The other thing you’re going to have to keep an eye on is their IV fluids. Always keep an eye on your patient’s fluid rate, and their fluid volume that they’ve gotten over your shift or any given time period. You want to make sure that your patient’s not getting too many fluids, make sure they’re not getting them too fast, and make sure that they’re always the right fluid for the order.
Sometimes your patients are going to have fluid restrictions. So for your cardiac and kidney patients, they may be on a fluid restriction, and a strict i&o. What a strict i&o is, is that you are absolutely monitoring every single milliliter that goes in and out of your patient. It’s really standard for your ICU floors, but it’s not standard on your med-surg floors. So if you have a fluid restriction, you can almost always anticipate having a strict i&o order. That just means measure everything in and everything out, and make sure that it’s accounted for.
When we’re talking about output, we’re talking literally about all the fluids coming out of the patient. So whether that’s something they’re eliminating, something they’re throwing up, or any drainage from any wounds, or if they have any particular drains, these are the things were talking about.
If your patient can eliminate on their own, be sure that your educating them on how to use whatever tool they’re using. So they’re using a bedpan, make sure that they’re using it right and make sure that you measure all of the output With something like a graduated cylinder. This will help with accuracy. If they can get up and go toilet in restroom, make sure you have one of those urinal hats so that they can pee in it and you can measure it accurately. Also make sure to educate your patient not to pee around the hat and that they need to pee in the Hat. If they don’t, you’re missing out on what their actual output is, And you want to make sure that you’re accounting for everything.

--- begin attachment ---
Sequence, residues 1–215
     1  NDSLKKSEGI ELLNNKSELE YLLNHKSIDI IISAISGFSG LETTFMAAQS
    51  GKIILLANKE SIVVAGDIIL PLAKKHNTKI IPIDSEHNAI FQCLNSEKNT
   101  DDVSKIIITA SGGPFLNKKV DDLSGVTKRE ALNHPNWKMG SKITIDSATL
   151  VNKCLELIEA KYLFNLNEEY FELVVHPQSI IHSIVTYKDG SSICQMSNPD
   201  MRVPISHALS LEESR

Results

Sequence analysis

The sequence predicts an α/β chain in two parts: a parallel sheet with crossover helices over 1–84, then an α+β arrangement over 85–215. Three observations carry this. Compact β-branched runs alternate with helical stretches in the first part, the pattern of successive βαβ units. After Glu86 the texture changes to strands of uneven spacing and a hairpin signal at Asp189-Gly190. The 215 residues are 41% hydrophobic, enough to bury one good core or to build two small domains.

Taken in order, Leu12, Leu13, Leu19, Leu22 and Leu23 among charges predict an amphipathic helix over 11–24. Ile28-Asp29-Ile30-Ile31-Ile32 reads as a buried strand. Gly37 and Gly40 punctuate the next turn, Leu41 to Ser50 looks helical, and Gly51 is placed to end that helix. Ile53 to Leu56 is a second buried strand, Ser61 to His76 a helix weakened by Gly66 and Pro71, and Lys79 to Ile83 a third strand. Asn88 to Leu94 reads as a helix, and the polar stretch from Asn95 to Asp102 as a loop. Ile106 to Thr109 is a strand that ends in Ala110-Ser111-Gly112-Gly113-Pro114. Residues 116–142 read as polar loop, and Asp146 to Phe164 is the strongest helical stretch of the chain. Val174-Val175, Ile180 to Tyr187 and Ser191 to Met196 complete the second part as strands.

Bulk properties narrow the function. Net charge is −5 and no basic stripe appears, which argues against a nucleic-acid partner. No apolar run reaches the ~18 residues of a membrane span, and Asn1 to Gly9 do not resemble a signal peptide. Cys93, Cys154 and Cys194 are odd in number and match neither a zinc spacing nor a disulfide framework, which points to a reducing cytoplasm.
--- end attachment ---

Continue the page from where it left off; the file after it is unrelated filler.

If you have a drain, you should be able to measure that in a measuring cup or graduated cylinder, and if you have a wound that’s draining, what you can do is stick a disposable pad underneath the draining wound, and then when you need to change it, you can actually measure the weight of the pad, and you can get an idea of what the fluid volume is. So for instance if you have a wound that draining, and you measure it, and it weighs 500 grams, And that’s after you took off the weight of the actual disposable pad, you can estimate that it would be about five hundred mL of fluid.
The big thing that you need to know here it is that you want to measure absolutely everything that comes out of your patient. If you got an NG tube to suction, you want to measure their stomach contents, if your patient is having liquid diarrhea, make sure you’re measuring it. Some units require you to measure all stool, so just find out what your policy is on that. Sometimes strict I&Os are only about liquid diarrhea, but just check.
For nursing concepts for intake and output, we really focus on fluid and electrolyte balance, nutrition, and elimination aspect of our patients.
Alright so let’s recap.
Measure absolutely everything. Everything needs to be accounted for, so that everything in and everything out.
When you’re talking about intake, know your measurements. Always refer back to the little container that your patients are drinking from.
Make sure that you check all of your output on your patience. So that’s all your drains, all of your containers, if you have an oozing wound, make sure you’re measuring absolutely everything.
Educate your patient. If your patient is peeing outside of the Hat, it doesn’t help you. Make sure they know where they need to be eliminating into.
Lastly strict I&Os don’t only account for ICU patients. So if you have an order for it to make sure that you’re paying attention to it and also make sure that your adhering to a strict fluid restriction orders from your provider.
So that’s our lesson on intake and output.Make sure you check out all the resources attached to this lesson. Now, go out and be your best selves today. And, as always, happy nursing!!